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Our View: Seed, plant exchanges share much wisdom

As we stuff our Opinion section with commentaries of the day – our own editorial pages inside news pages crowded with noteworthy stories – the particulars about seed exchanges are often sidelined as community briefs.

Yet, recent local seed exchanges held serious information.

The wisdom within seeds surpasses what we think we know about the world – and our place in it. As the Southwest adapts to drought, changes in landscapes and developments, and other factors that affect how plants grow, news about seed exchanges will become more weighty.

From Bayfield to Cortez, seed varieties for tomatoes, peppers, lettuces, sugar snap peas, blue corn and more have passed hands at a grange hall, fairgrounds, and among farmers, gardeners and would-be-gardeners not knowing the potential they’re holding in the palms of their hands. Heritage, open-pollinated and hybrids that bring elements of surprise as they don’t always grow true to what’s expected.

Walk into seed exchanges to find instant community. Growers love to talk about what grew well, what didn’t, what surprised them. It’s a throwback in time to when more of us knew our neighbors and chatted about what was coming up in our yards, our pots, our alleys, and those green mysteries pulling upward between cracks in concrete toward the light.

Can’t keep a strong plant down – those weeds we love to hate come to mind.

Southwest seed exchanges hold a generous quality, too. Walk in with nothing, leave with something. No bags? No problem. Organizers and seed-lovers have bags for dividing and transporting seeds home.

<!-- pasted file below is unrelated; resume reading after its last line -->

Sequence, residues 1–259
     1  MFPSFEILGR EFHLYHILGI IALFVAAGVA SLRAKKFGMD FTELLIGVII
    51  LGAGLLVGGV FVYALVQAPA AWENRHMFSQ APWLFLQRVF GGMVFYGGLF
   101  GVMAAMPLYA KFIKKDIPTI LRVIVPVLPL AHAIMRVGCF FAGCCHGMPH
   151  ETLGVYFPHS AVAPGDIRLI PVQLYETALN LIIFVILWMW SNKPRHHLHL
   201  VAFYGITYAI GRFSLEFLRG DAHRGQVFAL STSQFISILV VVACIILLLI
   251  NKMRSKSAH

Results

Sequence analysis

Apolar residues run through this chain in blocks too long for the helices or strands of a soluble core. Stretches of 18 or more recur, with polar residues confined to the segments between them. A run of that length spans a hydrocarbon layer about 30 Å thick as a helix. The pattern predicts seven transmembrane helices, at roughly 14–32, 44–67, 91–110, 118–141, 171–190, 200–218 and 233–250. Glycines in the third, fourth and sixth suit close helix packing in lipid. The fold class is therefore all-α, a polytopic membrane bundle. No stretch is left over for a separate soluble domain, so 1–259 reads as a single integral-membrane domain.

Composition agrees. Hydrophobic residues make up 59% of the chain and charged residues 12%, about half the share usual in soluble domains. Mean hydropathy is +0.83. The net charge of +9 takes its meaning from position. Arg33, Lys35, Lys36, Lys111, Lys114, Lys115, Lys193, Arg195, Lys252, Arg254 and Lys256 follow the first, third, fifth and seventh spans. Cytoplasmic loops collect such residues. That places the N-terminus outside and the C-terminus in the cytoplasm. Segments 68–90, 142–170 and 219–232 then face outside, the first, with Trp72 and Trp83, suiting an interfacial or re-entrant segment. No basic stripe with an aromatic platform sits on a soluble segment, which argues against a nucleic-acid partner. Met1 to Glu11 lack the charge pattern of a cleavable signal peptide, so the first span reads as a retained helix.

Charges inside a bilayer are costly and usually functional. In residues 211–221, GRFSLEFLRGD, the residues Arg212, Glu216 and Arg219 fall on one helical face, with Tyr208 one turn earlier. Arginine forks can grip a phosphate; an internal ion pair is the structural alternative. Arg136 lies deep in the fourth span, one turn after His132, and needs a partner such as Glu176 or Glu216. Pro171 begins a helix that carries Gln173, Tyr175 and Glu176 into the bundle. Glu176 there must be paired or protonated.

There’s a commonality at these exchanges. A shared recognition about the good that comes from digging hands into soil, an ideal evolutionary counter to tapping out words onto a keyboard. Dirt can do much for one’s mood and mental health.

Same goes for plant exchanges. Vegetables, flowers, herbs, fruit trees, bulbs, houseplants. Gardeners there want you to walk out holding something green.

Science increasingly provides interpretations of data and findings on how plants signal other plants; indicate healing properties to animals so they can mix plants’ parts with saliva to poultice wounds; outsmart wildlife into not eating them; and hold memories in their green stems and leaves, buds and blossoms.

Believe it or don’t. Chances are, people at plant exchanges are open to this kind of wonder. If this seems too woo-woo for your taste, the exchange people will still give you some seeds and plants. They’re a nice bunch.

Actually, they’re more than nice. Organizers are veritable stewards who keep the realm of biodiversity vibrant, and our gardens thriving and beautiful.

They understand the importance of local, homegrown seed banks. And would like you to also share and contribute.

The intelligence within Southwest seeds and plants model how to adapt to survive. If only we could be this smart. We sure could learn a few things from them.